Can Whitlam’s legal aid legacy survive a funding shake-up?


Night Of The Black Stars

Do Aboriginal legal services fit into a reformed Commonwealth? Advocates tell The Mandarin they fear funding turf wars could diminish a vital community service.

It’s a Gough Whitlam legacy in the crosshairs of a federalism restructure: a successful Commonwealth-backed legal aid program that buttresses against “tough on crime” rhetoric in the states and faces an uncertain funding future.

Aboriginal and Torres Strait Islander legal services will have nowhere to go if, as some experts expect, the Commonwealth Indigenous Legal Assistance Program falls on the wrong side of the axe as part of clearing up the delineation between state and federal responsibilities.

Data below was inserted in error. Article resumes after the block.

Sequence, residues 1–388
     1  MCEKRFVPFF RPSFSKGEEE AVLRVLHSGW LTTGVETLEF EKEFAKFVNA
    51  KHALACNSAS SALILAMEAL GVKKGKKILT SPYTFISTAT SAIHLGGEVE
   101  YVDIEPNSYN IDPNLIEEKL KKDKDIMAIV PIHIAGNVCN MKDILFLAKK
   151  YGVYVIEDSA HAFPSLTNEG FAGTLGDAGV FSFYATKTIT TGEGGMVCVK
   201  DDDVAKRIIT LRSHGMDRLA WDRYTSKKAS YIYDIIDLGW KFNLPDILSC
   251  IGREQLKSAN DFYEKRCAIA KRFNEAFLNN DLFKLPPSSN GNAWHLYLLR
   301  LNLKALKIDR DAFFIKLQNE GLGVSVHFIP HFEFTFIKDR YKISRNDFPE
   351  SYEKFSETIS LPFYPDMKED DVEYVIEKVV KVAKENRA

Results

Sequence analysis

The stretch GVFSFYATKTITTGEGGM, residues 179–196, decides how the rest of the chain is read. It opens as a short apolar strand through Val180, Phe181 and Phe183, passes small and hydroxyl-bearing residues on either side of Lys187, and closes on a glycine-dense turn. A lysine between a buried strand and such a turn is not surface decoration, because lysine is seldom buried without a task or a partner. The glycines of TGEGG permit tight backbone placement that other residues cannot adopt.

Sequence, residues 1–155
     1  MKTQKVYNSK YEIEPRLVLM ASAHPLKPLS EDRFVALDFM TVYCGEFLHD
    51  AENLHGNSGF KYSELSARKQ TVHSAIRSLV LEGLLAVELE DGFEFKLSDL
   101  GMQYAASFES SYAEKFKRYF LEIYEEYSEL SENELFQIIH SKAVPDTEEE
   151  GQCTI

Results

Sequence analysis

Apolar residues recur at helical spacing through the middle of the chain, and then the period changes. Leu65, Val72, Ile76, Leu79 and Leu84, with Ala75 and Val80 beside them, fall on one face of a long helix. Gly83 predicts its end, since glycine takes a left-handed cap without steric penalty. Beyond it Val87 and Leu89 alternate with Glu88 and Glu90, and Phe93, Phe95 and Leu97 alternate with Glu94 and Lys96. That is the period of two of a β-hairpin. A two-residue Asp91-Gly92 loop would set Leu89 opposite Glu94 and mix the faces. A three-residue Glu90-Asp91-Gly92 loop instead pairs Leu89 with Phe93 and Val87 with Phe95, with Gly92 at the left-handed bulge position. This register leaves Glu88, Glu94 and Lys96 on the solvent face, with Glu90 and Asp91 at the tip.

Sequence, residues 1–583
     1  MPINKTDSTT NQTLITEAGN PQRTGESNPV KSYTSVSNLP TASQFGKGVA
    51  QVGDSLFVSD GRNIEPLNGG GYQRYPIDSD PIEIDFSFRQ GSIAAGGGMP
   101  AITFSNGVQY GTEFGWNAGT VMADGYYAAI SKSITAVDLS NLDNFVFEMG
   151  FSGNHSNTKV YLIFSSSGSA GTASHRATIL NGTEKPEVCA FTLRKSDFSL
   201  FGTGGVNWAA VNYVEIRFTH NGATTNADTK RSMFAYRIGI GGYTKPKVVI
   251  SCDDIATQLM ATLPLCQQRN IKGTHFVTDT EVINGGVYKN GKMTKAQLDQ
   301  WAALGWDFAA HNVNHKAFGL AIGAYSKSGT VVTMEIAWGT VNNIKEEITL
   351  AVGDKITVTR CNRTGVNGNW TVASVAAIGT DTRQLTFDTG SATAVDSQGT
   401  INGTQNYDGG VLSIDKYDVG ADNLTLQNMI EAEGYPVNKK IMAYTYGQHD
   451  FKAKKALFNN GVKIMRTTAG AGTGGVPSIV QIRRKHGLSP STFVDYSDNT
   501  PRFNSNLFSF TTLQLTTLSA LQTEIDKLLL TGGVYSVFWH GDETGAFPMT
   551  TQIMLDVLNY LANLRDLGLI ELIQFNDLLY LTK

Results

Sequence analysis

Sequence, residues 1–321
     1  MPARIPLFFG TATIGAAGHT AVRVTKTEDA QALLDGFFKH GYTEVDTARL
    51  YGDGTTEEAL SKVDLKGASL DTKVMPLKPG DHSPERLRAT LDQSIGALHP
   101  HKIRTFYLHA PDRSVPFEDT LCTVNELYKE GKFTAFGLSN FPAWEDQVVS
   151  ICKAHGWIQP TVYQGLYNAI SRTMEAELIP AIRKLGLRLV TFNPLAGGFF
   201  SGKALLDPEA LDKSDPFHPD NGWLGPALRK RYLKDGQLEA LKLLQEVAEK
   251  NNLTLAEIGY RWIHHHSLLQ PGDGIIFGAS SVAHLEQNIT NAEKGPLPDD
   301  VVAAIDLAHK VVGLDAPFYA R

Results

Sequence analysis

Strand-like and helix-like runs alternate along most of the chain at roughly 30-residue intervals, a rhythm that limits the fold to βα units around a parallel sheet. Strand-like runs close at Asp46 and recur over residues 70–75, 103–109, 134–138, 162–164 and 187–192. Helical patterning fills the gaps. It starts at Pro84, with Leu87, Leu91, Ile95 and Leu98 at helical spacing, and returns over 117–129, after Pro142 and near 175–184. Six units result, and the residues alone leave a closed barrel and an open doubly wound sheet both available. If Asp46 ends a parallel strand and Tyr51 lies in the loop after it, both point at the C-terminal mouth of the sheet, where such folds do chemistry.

While legal aid commissions and community legal services are jointly funded by the Commonwealth and states, ATSILS funding is entirely Commonwealth administered. This presents a problem for officials in the Attorney General’s Department, who previously ruled Commonwealth funds to the sector can only be spent on Commonwealth law matters, such as family and civil disputes. It’s not hard to guess where ATSILS has had to prioritise what little funding it gets: 90% of cases they take are criminal matters, a state jurisdiction.

The Council of Australian Governments secured a one-year stay-of-execution in June, giving time for the Commonwealth to consider Productivity Commission recommendations for the sector. The commission’s final report into access to justice arrangements is with the government for consideration and scheduled to be made public later this month.

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